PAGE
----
Kettering Review 2016

The latest issue of the Kettering Review, a journal I co-edit for the Kettering Foundation, is now available for free online here. It includes pieces by Iris Marion Young, Daniel Yankelovich, E.J. Dionne, Vaclav Havel, and other luminaries.

To get a sense of the overall issue, here’s the start of my editor’s letter:

Over the past 60 years, the fortunes of democracy have been tumultuous. In the mid-20th century, dozens of countries in Asia and Africa won their independence from colonial rulers; but shortly thereafter the Cold War polarized the world for decades. Nixon’s 1972 trip to China pointed to an end of a 25-year estrangement between East and West, but it took another decade for this to move forward. In 1980, Polish workers in the Gdansk Shipyard formed the labor union Solidarity, which opened up the possibility that authoritarian goverments might meet their match in public dissent. Mikhail Gorbachev’s appointment as leader of the Soviet Union in 1985 led to Perestroika and Glasnost and the hope for some kind of global rapprochement. And one day in November 1989, a German bureaucrat haplessly announced the opening of a passage in the Berlin Wall from East to West, which within days led to the utter destruction of that edifice that had divided the world in two. Since then and continuing through today, ancient enmities have flared even as new democratic governments form and falter.

For the past 30 years, Kettering Review has chronicled many of these journeys. Just as Carol Vollet’s painting, Approach Blue, which we are delighted to feature on this issue’s cover, points toward a bright spot in the midst of tumult, we have tried to identify those elements that are so central to democratic self-governance. Over the years we have taken as our point of departure the question, “what does it take for democracy to work?”—not just here in the United States but throughout the world. As a “Review” we have published pieces old and new, taking liberty to bring the words of Aristotle, Dewey, and Arendt to these pages, just as we have published new pieces by many of democracy’s living philosophers and practitioners. We were publishing during the last years of the Cold War when many thought that if only communism would end then democracy would prevail. But in the past 25 years we’ve found that democracy raises more questions than it answers: Who are the people? How do they organize themselves as a public? What kind of power and knowledge can they have?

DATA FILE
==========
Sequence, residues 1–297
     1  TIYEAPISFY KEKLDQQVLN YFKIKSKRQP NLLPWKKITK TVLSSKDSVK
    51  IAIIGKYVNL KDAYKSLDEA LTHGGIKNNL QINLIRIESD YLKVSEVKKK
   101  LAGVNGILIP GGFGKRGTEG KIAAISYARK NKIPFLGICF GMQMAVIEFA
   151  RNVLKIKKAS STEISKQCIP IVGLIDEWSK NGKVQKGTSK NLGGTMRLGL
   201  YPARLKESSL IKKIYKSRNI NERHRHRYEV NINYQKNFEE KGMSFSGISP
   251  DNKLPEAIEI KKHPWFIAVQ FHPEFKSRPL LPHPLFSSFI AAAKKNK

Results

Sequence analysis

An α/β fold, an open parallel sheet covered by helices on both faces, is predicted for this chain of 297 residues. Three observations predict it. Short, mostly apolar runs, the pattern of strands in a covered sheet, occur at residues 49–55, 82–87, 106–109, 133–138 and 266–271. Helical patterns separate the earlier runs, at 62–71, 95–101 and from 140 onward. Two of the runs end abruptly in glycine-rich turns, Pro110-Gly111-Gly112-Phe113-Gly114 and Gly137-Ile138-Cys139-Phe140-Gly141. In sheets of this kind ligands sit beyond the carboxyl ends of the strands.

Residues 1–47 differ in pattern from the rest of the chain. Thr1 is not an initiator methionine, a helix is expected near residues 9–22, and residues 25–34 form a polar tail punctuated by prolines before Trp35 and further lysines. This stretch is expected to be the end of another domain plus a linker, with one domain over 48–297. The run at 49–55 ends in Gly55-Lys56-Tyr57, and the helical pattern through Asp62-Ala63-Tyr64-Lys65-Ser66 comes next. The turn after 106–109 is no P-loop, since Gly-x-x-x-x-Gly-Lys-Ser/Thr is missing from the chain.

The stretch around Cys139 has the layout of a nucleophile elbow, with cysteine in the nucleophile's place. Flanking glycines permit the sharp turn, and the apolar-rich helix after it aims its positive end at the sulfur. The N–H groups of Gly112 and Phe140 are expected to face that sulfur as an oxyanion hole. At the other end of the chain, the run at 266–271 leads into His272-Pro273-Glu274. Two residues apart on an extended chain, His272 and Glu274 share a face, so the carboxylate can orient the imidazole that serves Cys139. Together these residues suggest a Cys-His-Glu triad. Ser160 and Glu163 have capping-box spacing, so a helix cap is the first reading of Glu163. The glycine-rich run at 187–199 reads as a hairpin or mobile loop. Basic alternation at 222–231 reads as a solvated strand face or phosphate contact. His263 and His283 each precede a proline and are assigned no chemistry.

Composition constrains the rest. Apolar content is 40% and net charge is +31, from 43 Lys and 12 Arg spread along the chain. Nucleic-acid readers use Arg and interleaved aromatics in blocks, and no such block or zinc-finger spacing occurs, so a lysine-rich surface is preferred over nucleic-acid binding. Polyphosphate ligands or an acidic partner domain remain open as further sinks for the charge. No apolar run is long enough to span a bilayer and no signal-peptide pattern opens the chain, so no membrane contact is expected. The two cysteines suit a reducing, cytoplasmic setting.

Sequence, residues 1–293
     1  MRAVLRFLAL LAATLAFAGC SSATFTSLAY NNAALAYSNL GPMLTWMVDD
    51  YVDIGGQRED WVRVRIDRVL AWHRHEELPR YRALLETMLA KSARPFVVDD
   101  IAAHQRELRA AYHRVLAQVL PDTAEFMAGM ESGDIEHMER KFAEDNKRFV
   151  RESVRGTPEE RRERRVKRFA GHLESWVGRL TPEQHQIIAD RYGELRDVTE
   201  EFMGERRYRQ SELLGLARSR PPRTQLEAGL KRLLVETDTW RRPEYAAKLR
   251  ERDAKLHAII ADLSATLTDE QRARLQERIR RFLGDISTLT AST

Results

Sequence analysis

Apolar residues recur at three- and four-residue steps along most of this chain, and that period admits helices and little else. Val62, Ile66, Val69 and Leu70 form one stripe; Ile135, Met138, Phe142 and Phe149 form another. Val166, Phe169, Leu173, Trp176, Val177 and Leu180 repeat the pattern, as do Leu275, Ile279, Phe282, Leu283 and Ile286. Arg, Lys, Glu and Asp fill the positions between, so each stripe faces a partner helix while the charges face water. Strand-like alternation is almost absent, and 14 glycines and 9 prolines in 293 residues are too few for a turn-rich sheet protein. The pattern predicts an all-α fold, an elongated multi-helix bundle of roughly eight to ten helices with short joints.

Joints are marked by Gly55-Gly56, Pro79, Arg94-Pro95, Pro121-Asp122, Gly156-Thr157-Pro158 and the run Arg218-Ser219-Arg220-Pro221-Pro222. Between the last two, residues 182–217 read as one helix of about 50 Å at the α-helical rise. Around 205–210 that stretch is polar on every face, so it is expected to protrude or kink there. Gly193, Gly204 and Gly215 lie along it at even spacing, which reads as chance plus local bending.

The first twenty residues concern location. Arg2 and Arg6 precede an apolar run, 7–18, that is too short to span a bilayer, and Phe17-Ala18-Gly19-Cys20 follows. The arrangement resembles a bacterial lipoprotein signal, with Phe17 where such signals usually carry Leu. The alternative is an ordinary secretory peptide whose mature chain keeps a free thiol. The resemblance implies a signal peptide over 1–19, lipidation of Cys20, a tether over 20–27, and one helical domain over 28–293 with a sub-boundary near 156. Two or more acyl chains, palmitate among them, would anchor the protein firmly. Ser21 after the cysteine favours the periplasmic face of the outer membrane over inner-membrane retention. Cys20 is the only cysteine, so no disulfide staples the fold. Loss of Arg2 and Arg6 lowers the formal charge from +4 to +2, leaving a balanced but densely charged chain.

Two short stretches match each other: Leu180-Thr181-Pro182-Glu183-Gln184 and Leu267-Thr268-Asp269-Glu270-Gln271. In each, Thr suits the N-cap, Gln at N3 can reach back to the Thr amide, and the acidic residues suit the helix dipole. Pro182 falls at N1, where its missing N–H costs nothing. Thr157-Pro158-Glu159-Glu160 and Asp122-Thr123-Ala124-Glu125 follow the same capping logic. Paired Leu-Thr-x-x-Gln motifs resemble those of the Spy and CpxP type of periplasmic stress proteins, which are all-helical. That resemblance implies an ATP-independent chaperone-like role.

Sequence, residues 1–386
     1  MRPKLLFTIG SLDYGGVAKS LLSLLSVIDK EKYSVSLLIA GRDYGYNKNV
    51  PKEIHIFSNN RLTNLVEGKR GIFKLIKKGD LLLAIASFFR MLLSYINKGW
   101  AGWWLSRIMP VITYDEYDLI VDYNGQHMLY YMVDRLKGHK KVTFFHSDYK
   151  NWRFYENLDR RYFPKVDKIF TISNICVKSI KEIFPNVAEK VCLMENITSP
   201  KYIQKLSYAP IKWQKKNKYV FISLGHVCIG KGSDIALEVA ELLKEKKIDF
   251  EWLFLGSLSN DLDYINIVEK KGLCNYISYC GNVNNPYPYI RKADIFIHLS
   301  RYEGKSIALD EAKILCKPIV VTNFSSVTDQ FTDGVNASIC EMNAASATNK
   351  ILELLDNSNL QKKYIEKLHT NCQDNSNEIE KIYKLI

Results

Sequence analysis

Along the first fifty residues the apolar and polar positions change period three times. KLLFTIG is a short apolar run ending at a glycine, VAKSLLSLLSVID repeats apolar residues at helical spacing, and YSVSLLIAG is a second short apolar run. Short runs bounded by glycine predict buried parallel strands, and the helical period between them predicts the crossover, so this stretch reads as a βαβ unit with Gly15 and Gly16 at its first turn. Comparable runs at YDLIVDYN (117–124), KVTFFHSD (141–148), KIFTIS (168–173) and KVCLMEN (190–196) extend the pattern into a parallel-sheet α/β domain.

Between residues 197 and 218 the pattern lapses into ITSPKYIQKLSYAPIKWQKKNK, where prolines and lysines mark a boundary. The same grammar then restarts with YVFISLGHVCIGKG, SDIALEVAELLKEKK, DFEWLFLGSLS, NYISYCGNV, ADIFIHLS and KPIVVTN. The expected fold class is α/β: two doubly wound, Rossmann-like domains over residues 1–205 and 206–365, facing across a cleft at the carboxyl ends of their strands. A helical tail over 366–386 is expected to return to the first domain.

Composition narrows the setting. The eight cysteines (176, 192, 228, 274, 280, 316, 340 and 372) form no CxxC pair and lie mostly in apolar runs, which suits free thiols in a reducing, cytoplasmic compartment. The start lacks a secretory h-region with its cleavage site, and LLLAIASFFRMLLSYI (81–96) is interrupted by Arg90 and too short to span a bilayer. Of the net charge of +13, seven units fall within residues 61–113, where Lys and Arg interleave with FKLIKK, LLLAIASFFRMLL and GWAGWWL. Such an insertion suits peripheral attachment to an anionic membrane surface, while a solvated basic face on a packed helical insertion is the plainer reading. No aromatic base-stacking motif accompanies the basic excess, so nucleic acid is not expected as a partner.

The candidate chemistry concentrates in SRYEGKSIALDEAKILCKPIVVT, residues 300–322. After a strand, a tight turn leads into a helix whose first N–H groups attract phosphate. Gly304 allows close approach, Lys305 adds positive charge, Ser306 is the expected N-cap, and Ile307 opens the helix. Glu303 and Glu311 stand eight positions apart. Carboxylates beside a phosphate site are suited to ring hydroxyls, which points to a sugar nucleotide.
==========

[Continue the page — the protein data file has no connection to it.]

Click right here to go to the pdf.

Twenty years ago today…

It was twenty years ago today that….  How do you finish that sentence?  There are plenty obvious ways:

…that the wall came down.

…that the Cold War ended.

…that Communism failed.

…that capitalism (or was it democracy?  or are these even interchangeable?) triumphed.

blah blah blah

Okay, it was some of all of that, though with Slavoj Zizek I agree that it wasn’t the last thing on that list.

What I think changed that day, along with the weeks that led up to it and the cushy and technicolor revolutions that followed, was the notion that politics is about what governments do. Of course it is true that governments engage in politics; but it also became true that politics and political power are what peoples can engage in and create. This is “the politics of small things” that Jeffrey Goldfarb talks about in a book of that name.  It’s what happens when a group of people who have no official power get together and make a plan, as Harry Boyte and the civil rights movement he has studied discovered.

Of course, the immediate cause of the fall of the wall was some bumbling bureacrats fumbling a speech, and then people heading to the gate, and a series of coincidences that let first a trickle and then a flood of people breaching and then tearing down the wall. And behind that cause was the weakening of the Soviet Union, perestroika, Gorbachev, and all that.  But a more fundamental cause, one that could capitalize on the others, was the rise of new civic movements in East Germany and Czechoslovakia, and the long tradition of Poland’s Solidarity movement, that gave lie to the idea that all power rests with the state. These movements created a kind of lateral or horizontal power, webs of power that Hannah Arendt had noted, the power of solidarity.

Before November 1989, for at least three decades, almost all political activists of all stripes on either side of the “iron curtain” focused on the state in their attempt to bring about political change. The new civic movements of 1989 showed the power of nongovermental action and civil society for creating change. Before 1989 the language of civil society was slowly entering back into the lexicon of political theory, after dusting off lots of old copies of Hegel texts. But after 1989 the language of civil society flooded into every crevice of academic, philanthopic, and development activity.

It was twenty years ago today that THAT change happened.